It was passed to the US by an intelligence agency of one of the Baltic States. The CIA cannot act domestically against American citizens so a joint counter-intelligence taskforce was created.

The taskforce included six agencies or departments of government. Dealing with the domestic, US, side of the inquiry, were the FBI, the Department of the Treasury, and the Department of Justice. For the foreign and intelligence aspects of the investigation, there were another three agencies: the CIA, the Office of the Director of National Intelligence and the National Security Agency, responsible for electronic spying.

Lawyers from the National Security Division in the Department of Justice then drew up an application. They took it to the secret US court that deals with intelligence, the Fisa court, named after the Foreign Intelligence Surveillance Act. They wanted permission to intercept the electronic records from two Russian banks.

Their first application, in June, was rejected outright by the judge. They returned with a more narrowly drawn order in July and were rejected again. Finally, before a new judge, the order was granted, on 15 October, three weeks before election day.

I'm not a fan of FISA, but when you can get a judge to issue an order, there is something involved that isn't necessarily "Hokey as hell."  And when a taskforce of six agencies is at work, it takes quite a conspiracy theory to discredit what they are doing.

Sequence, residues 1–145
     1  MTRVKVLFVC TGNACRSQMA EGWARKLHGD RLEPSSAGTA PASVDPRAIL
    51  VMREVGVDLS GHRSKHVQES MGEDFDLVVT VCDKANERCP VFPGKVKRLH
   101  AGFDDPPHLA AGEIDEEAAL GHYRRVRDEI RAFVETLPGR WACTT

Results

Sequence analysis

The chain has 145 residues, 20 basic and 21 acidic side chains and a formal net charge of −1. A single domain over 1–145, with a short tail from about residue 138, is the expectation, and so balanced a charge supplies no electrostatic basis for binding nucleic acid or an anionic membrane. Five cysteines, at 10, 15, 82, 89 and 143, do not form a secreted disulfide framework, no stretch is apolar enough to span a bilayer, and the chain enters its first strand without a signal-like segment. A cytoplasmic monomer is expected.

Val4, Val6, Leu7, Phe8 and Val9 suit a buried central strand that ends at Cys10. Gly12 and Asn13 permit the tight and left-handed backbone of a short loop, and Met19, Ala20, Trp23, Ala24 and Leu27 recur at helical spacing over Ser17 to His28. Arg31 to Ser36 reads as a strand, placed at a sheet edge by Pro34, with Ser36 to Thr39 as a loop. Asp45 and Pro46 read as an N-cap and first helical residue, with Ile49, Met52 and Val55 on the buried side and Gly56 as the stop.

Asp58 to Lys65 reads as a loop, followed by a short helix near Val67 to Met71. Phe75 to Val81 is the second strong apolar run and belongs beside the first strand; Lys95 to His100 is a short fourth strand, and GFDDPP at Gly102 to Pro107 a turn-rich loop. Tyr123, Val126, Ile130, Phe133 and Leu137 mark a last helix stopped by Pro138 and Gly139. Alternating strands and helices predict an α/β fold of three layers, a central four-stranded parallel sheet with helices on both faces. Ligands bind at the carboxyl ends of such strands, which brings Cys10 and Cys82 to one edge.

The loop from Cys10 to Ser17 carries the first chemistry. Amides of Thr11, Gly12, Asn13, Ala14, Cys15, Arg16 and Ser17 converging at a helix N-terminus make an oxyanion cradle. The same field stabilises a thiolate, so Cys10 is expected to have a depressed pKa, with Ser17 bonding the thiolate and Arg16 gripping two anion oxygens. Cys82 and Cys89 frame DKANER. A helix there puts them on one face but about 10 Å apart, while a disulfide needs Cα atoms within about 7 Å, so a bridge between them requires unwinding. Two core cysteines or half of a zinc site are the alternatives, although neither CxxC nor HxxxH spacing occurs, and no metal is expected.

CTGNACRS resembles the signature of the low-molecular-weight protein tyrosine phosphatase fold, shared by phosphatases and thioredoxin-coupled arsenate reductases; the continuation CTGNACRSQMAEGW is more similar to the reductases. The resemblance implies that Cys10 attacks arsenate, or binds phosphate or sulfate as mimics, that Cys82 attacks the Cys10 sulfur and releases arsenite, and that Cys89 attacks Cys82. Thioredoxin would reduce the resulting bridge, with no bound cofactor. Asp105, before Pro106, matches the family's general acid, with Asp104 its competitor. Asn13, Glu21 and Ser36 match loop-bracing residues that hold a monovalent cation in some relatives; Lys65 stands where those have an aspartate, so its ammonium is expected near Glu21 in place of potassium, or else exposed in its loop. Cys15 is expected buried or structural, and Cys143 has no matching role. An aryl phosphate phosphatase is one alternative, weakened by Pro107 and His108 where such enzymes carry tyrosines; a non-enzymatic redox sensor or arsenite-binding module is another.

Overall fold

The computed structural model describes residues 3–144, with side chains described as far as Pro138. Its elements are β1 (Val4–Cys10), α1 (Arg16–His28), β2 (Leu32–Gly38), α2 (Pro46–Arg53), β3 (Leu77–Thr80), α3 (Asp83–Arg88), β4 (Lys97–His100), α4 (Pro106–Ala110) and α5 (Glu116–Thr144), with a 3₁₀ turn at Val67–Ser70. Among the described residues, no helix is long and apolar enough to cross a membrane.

Does the tape exist?  Is the taskforce even still in existence?  We may never know, although Larry Flynt and Penthouse are offering 7 digit sums for the videotape.  That could be interesting.  Trump says:

Which isn't even a correct statement of what Clapper said.  Then again, what Trump said in that tweet above isn't correct either.  This document wasn't "leaked" because it was never classified; and it was never classified because it was never a government document.  It was oppo research commissioned during the primaries.  Which brings us to the interesting observation at the end of the BBC article:

In a New York Times op-ed in August, the former director of the CIA, Michael Morell, wrote: "In the intelligence business, we would say that Mr Putin had recruited Mr Trump as an unwitting agent of the Russian Federation."